European high yield also has solid fundamentals underpinning the sector, outlining the tailwinds bolstering Europe, including falling oil prices, the weaker currency boosting exporters and the stimulative effective of the ECB’s ambitious QE bond buying programme.
 Investors reacted strongly to the ECB’s announcement of quantitative easing (QE) with European high yield seeing its largest weekly inflow on record, totalling €1.03bn (2.7% of AUM), in the last week of January1. Since then a steady stream of inflows, as well as strong flows into Global and US High Yield, has provided a positive backdrop and helped the European high yield market to a 2.1% total return year-to-date. 2
 However the strong flow picture is by no means the only positive technical driver for European high yield. We continue to see a wave of cash returning to investors from issuer calls & tenders of high coupon bonds, equity claws following initial public offerings (IPO) and rising stars leaving the index. Rising stars is a particularly powerful theme as these issuers are often large, global companies that represent significant benchmark weights, e.g. 2-3% market value2 which is roughly €5-7bn in cash terms.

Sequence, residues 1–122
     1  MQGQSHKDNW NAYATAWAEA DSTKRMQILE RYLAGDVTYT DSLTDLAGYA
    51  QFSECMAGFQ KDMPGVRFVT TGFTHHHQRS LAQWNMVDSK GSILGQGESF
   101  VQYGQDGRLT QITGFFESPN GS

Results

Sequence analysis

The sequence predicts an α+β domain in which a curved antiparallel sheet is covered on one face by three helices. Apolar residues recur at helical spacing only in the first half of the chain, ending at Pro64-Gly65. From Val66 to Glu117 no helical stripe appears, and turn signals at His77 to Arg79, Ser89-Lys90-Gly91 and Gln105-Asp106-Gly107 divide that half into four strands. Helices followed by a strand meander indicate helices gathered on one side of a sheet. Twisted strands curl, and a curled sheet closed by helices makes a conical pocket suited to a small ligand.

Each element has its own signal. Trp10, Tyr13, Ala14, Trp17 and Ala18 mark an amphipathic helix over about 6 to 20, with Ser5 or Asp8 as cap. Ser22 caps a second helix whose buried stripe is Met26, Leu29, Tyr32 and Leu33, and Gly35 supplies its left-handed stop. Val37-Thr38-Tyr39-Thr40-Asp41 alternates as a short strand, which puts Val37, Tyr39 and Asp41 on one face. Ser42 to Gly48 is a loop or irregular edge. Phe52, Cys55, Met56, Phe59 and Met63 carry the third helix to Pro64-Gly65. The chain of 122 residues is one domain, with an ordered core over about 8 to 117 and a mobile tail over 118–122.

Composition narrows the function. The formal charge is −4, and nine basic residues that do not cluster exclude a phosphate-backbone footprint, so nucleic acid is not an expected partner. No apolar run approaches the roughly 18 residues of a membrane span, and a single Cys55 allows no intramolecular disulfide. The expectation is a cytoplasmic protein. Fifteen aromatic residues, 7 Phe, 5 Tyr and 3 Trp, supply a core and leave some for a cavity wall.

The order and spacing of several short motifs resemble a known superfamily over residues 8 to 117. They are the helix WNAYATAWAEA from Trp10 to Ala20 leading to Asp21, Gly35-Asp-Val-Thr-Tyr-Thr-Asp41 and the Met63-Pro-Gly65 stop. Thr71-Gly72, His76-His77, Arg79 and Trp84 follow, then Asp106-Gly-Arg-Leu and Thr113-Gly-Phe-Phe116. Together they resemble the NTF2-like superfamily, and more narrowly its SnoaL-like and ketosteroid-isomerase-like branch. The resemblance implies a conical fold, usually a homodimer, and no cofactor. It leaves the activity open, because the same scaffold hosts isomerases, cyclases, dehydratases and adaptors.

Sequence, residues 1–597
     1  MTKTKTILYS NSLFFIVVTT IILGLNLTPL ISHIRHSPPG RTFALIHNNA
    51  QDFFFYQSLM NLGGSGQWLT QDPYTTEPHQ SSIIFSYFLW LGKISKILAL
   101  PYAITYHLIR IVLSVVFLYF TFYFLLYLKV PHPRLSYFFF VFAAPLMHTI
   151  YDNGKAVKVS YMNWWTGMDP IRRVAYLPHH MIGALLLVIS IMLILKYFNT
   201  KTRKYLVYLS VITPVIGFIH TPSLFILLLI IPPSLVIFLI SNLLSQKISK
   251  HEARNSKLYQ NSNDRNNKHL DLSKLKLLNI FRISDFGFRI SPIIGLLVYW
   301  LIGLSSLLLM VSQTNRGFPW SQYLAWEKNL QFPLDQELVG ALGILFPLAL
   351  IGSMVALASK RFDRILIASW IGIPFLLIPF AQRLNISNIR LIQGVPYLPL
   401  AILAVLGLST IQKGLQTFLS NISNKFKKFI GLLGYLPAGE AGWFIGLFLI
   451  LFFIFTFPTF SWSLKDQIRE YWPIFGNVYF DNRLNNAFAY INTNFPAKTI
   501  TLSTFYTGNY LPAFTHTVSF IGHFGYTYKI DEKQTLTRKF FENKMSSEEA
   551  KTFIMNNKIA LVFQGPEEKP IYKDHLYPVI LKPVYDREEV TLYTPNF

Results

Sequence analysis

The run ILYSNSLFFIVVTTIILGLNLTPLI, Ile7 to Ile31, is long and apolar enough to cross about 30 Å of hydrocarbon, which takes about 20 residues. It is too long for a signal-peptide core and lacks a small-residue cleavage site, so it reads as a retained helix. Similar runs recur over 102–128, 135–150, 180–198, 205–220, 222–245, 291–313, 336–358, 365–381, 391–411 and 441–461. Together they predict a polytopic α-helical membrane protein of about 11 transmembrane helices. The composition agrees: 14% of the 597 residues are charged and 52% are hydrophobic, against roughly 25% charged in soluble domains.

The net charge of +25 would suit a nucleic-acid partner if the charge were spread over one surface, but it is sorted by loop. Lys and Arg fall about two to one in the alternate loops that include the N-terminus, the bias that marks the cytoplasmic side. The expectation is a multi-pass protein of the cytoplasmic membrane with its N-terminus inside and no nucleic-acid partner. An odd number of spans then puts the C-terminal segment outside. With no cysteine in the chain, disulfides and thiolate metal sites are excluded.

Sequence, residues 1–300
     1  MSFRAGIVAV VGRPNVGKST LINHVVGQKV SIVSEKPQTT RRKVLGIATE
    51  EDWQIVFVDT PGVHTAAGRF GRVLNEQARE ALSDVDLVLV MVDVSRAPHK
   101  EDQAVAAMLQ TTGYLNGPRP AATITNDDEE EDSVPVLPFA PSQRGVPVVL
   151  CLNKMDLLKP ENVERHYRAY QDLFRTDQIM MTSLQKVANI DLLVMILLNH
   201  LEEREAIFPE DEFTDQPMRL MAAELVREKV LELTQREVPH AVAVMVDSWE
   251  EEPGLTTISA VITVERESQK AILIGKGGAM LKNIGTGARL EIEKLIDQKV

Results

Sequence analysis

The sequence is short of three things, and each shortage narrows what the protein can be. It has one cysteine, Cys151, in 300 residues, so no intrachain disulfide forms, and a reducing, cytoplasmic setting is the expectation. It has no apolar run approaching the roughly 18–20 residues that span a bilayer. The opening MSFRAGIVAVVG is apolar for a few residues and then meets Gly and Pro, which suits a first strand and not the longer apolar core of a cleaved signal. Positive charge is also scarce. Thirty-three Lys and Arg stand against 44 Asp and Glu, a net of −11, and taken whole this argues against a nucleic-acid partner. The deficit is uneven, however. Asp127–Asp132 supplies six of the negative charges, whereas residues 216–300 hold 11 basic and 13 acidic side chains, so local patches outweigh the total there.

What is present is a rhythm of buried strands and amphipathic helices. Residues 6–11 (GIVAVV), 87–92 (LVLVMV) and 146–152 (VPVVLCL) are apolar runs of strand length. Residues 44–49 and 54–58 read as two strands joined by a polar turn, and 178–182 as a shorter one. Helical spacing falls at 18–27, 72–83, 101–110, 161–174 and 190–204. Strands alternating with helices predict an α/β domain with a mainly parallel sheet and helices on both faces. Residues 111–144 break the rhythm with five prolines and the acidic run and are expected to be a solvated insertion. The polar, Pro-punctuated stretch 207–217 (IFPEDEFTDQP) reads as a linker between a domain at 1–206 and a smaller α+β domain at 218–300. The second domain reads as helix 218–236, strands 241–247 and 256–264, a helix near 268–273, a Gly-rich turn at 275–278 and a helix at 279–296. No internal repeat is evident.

Following the upgrade, this cash needs to be redeployed by European high yield fund managers. Over the coming months we expect additional high yield names to climb this path to investment grade, which would represent substantial cash requiring reinvestment within our market.
 The story is not simply a technical one either. European corporate fundamentals, having battled against anaemic growth, look set to benefit from lower commodity prices, a weak Euro and the uptick in mergers and acquisitions (M&A). Whilst M&A is not always associated with credit improvement, we are at a point in the European credit cycle where deals are primarily being driven by strategic logic, e.g. to take out capacity or help consolidate a market. Hence we have seen a number of transactions involving European high yield companies merging with or being bought by larger, higher quality peers.